Spring 2021 - CMNS 487 D100
Special Topics in Communication (4)
Class Number: 7682
Delivery Method: Remote
Intensive analysis of a particular topic in communication and/or attention to the work of a particular writer or school of thought. This course can be repeated for credit up to a maximum of three times, if topic studied is different.
This course will introduce how migration, the mass movement of the human population, is deeply interwoven with capitalist uneven development and globalization. The first part of the course will present how unequal power structures, such as capitalism, imperialism, colonialism, racism, and patriarchy, have shaped the process and consequences of human migration in historical and contemporary contexts. Specifically, we will explore a wide range of migrant populations whose circumstances display huge disparity and inequality, including transatlantic enslaved people, European colonial settlers, rural-to-urban migrants, elite immigrants, transnational migrant workers, and asylum seekers and refugees. The second part of the course will be focused on the relation between migration and media. Questions to be addressed include, how have mainstream media represented migrant populations in various geopolitical contexts? What is the role of media, culture, and digital technologies in designating migrants’ lives? To what extend have digital media facilitated activism and resistance among immigrants, refugees, and migrant workers at local, national, and transnational levels? By taking the course, students are expected to develop a critical understanding of migration, capitalist globalization, and media.
- Attendance and participation: 20%
- Presentation: 30%
- Project proposal: 10%
- Final project: 40%
The class will be offered in a synchronous format that we meet every week during the scheduled class time. The lectures will be also recorded and made available on Canvas.
No required textbook. Course readings will be made available online via Canvas.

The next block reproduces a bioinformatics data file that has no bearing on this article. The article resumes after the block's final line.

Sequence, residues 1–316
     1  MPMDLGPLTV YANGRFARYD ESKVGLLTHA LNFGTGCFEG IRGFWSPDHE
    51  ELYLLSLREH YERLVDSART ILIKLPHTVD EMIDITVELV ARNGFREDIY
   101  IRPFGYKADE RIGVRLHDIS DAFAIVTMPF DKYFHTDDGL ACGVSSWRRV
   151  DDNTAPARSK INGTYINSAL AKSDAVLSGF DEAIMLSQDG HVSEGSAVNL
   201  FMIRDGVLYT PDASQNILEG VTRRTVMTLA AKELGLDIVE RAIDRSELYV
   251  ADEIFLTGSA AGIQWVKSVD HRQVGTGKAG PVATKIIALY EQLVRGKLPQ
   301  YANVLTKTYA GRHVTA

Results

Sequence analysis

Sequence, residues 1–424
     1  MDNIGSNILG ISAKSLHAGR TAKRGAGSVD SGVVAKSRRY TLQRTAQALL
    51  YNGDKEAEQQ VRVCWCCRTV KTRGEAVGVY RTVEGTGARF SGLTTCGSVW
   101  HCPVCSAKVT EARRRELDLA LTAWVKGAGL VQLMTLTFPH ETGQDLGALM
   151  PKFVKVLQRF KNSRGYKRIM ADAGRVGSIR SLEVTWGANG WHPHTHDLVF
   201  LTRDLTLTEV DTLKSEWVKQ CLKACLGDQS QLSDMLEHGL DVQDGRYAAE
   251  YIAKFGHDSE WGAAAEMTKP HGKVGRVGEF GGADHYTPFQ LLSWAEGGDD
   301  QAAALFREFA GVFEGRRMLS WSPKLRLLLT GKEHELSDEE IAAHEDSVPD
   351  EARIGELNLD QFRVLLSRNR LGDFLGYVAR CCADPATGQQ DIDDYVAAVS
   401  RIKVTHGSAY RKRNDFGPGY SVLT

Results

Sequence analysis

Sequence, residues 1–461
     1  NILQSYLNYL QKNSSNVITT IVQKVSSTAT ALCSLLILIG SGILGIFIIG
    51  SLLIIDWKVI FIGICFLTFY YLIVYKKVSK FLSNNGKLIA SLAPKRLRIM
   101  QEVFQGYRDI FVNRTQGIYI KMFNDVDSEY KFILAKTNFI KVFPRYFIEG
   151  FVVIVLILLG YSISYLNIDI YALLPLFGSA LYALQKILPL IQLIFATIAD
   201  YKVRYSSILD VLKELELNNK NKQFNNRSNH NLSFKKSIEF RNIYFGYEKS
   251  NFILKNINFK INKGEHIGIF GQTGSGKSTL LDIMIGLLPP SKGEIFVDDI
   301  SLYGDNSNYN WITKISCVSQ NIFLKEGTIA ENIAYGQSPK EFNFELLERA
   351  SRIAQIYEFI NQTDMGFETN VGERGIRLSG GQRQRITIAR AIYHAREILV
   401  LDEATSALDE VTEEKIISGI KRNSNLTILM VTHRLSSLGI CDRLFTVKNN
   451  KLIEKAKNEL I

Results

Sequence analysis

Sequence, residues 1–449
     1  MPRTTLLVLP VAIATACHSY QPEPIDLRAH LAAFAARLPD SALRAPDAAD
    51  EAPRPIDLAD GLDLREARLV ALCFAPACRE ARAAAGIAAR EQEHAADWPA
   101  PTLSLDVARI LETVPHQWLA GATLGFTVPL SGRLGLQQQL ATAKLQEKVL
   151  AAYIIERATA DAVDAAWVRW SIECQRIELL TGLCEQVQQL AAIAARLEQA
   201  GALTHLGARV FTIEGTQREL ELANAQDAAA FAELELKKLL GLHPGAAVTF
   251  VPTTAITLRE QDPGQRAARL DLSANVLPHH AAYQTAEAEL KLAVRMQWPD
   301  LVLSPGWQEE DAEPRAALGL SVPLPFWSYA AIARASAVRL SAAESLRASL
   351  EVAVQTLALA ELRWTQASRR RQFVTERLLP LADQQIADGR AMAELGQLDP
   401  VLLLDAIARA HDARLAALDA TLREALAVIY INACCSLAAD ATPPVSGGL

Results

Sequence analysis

ACADEMIC INTEGRITY: YOUR WORK, YOUR SUCCESS
SFU’s Academic Integrity web site http://www.sfu.ca/students/academicintegrity.html is filled with information on what is meant by academic dishonesty, where you can find resources to help with your studies and the consequences of cheating. Check out the site for more information and videos that help explain the issues in plain English.
Each student is responsible for his or her conduct as it affects the University community. Academic dishonesty, in whatever form, is ultimately destructive of the values of the University. Furthermore, it is unfair and discouraging to the majority of students who pursue their studies honestly. Scholarly integrity is required of all members of the University. http://www.sfu.ca/policies/gazette/student/s10-01.html
TEACHING AT SFU IN SPRING 2021
Teaching at SFU in spring 2021 will be conducted primarily through remote methods. There will be in-person course components in a few exceptional cases where this is fundamental to the educational goals of the course. Such course components will be clearly identified at registration, as will course components that will be “live” (synchronous) vs. at your own pace (asynchronous). Enrollment acknowledges that remote study may entail different modes of learning, interaction with your instructor, and ways of getting feedback on your work than may be the case for in-person classes. To ensure you can access all course materials, we recommend you have access to a computer with a microphone and camera, and the internet. In some cases your instructor may use Zoom or other means requiring a camera and microphone to invigilate exams. If proctoring software will be used, this will be confirmed in the first week of class.Students with hidden or visible disabilities who believe they may need class or exam accommodations, including in the current context of remote learning, are encouraged to register with the SFU Centre for Accessible Learning (firstname.lastname@example.org or 778-782-3112).